"Saturday Night Live" producer Lorne Michaels says there was no political motivation behind his decision to cut a Barack Obama sketch from Saturday's show, adding that the show's planned opening was replaced "for comedy" and because the show ran too long.
The original opening sketch, which the show used in its Saturday dress rehearsal, featured Fred Armisen as Obama, bragging about his order to kill Osama bin Laden. The show went to air instead with a sketch that mocked "Fox and Friends."
"It wasn't its politics. It was about the comedy," Michaels told the New York Post, adding that the show ran 27 minutes too long in rehearsal. "The show's many things, but partisan it is not."
The show routinely cuts and replaces sketches at the last minute.
The script of the scrapped Obama skit appeared on the Daily Caller website on Sunday. Mediaite said its writer, "SNL" veteran Jim Downey, gave a copy of it to his friend Tucker Carlson, the site's founder. Downey told Mediaite he often sends skits to friends, including MSNBC's Lawrence O'Donnell, for feedback.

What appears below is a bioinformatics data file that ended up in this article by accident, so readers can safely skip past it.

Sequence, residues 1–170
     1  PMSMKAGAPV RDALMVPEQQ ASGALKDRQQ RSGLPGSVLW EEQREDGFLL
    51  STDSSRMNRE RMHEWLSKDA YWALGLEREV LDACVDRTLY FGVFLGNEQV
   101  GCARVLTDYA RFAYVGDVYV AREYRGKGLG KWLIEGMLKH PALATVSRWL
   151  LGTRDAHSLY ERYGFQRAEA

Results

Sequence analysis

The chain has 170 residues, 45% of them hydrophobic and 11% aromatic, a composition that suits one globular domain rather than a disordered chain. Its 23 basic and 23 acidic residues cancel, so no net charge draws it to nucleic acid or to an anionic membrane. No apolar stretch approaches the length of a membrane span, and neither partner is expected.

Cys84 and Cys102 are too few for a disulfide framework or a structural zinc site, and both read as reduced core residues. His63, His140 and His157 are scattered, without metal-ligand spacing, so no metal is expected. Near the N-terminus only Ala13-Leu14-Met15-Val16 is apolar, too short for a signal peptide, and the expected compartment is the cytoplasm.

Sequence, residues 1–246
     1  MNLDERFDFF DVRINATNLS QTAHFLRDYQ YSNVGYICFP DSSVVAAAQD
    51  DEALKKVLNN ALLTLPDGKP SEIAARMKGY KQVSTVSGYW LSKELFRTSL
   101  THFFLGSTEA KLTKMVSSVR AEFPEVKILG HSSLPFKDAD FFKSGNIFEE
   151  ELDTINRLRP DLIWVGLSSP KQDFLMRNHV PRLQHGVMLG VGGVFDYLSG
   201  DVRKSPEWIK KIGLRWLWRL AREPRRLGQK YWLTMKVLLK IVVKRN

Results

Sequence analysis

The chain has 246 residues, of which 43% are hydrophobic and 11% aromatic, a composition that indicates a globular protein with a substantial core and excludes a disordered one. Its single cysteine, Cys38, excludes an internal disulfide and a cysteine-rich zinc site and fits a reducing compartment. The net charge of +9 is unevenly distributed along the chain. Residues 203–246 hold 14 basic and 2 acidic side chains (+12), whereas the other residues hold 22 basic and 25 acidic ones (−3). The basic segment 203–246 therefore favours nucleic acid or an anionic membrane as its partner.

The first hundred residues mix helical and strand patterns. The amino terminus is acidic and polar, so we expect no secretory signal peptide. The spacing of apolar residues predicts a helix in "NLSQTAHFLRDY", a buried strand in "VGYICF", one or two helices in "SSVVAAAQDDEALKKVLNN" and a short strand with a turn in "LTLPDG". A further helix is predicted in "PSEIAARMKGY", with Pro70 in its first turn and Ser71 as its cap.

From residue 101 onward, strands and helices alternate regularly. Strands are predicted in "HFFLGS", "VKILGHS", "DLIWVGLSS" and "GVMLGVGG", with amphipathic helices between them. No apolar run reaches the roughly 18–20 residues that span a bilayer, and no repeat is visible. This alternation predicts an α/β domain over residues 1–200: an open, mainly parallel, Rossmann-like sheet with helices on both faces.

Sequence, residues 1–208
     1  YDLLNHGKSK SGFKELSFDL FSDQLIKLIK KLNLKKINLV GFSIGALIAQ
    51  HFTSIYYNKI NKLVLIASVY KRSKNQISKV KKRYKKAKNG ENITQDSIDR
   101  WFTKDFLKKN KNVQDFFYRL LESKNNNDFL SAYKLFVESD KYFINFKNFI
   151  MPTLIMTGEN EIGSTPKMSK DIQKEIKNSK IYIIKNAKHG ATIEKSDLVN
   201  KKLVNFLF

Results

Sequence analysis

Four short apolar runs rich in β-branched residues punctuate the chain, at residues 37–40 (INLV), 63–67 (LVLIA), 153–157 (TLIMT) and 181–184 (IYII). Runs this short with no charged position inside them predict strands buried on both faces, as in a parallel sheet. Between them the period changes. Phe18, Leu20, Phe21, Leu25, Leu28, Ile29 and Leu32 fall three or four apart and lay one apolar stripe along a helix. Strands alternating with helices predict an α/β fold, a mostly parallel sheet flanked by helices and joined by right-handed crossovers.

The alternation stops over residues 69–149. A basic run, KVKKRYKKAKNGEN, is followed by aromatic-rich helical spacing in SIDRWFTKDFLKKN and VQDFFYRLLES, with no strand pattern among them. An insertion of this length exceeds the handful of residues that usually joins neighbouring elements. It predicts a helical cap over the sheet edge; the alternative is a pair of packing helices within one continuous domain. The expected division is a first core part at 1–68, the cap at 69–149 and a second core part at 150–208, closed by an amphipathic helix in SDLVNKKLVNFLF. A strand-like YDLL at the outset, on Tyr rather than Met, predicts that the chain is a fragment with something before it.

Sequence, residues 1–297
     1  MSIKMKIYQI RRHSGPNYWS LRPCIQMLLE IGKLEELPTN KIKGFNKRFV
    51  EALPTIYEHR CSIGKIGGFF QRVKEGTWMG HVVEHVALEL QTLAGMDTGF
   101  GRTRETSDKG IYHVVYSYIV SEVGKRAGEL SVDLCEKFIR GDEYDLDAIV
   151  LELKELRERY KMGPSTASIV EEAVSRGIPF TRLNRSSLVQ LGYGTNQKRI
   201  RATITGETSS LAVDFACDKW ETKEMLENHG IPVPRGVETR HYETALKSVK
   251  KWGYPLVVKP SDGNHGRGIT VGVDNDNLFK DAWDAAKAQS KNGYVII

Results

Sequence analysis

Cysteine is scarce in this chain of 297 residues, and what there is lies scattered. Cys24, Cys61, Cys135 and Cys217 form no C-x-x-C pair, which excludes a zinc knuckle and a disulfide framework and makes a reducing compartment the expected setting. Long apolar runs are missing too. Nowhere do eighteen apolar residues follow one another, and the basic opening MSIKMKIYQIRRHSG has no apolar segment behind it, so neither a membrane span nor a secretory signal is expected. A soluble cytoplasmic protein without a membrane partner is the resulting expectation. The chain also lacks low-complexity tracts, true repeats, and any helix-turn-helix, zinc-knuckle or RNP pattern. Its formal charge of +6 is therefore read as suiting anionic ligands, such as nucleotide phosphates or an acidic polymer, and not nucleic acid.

The conservative National Review accused "SNL" of having a "liberal taboo against mocking Obama in an election year."
Michaels denied that.
"Obviously, I thought it was funny or I wouldn't have led dress (rehearsal) with it," he told the Post.
Downey, meanwhile, told Mediate he didn't think the decision to swap the skits was politically motivated.
"I don't think there was a conspiracy, or anything, they just preferred the other piece," Downey said. "Comedy is so subjective. I'm sure the people who made the decision will say the piece they ran was funnier."
Watch the "Fox & Friends" spoof:
Photo by NBC Universal